To allow for persistent sessions, the server has to store some information in the client's computer (that is were the cookie comes in) remembering who the user is and that he/she successfully logged in before. Of course, for security reasons, the password cannot be stored in the cookie (and, by the way, that would be incompatible with the sha1 hash password storage method described in the askeet tutorial). So what should be stored in the cookie then? Whatever the cookie stores, it has to be the some data that can be matched to what is in the database, so that the comparison of the two elements achieves the authentication. So, to minimize the risk, a random string will be stored and regenerated every 15 days (the lifetime that will be given to the cookie).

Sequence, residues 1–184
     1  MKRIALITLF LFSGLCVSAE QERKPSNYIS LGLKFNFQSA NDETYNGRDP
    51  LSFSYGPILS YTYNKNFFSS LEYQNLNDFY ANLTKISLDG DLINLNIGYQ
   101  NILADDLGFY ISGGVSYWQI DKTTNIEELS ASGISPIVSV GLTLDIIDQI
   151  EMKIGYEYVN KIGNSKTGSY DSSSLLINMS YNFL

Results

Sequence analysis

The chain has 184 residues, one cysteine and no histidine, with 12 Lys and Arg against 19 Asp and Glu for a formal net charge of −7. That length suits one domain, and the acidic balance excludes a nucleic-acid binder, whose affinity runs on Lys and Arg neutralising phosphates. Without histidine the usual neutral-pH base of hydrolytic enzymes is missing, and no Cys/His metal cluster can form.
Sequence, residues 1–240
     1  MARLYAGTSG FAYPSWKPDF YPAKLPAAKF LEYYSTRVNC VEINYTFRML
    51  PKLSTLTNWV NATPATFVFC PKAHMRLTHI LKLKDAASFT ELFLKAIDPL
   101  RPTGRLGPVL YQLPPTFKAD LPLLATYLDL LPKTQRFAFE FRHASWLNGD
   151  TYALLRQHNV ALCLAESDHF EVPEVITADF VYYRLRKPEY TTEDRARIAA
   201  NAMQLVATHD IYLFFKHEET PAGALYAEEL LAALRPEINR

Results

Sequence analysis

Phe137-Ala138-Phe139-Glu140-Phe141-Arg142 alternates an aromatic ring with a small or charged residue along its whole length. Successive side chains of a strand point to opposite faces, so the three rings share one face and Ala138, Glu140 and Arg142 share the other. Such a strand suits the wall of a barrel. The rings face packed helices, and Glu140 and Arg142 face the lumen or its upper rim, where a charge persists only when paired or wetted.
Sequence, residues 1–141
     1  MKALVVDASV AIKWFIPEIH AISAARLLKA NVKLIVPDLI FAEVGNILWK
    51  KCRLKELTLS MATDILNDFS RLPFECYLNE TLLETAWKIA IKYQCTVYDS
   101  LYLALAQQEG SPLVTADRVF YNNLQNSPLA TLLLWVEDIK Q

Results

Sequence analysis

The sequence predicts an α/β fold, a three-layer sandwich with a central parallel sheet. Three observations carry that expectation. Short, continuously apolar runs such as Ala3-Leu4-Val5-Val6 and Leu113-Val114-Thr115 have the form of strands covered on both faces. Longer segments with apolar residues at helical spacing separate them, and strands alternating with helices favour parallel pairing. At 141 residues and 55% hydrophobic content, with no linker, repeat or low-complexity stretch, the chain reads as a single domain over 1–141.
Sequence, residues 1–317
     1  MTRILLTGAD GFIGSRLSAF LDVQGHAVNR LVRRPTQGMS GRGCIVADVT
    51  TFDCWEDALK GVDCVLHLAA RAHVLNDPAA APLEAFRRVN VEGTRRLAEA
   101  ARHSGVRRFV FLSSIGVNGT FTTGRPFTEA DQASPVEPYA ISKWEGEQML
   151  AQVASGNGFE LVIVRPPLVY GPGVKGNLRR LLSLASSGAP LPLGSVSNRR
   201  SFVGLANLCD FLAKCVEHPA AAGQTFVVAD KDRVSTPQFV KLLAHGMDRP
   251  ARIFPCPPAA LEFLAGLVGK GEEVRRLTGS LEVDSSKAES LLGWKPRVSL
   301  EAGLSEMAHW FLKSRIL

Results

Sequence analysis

By adding a new remember_key column to the User table (and rebuilding the model). This new field will store the random key, the key will thus be stored both in the cookie on the client's computer and in the database as part of the user's record. The remember key will be set when a user requests to be remembered, so change the sign-in line in the login action by:

// sign in
$remember = $this->getRequestParameter('remember_me');
$this->getContext()->getUser()->signIn($user, $remember);

Don't forget to add a remember_me checkbox to the modules/security/templates/indexSuccess.php form for this to work.

The signIn() method of the myUser class has to be modified to set the remember key both in the database and in the cookie:

public function signIn($user, $remember = false)
{
  $this->setAuthenticated(true);
 
  if ($remember)
  {
    // determine a random key
    if (!$user->getRememberKey())
    {
      $rememberKey = myTools::generate_random_key();
 
      // save the key to the User table
      $user->setRememberKey($rememberKey);
      $user->save();
    }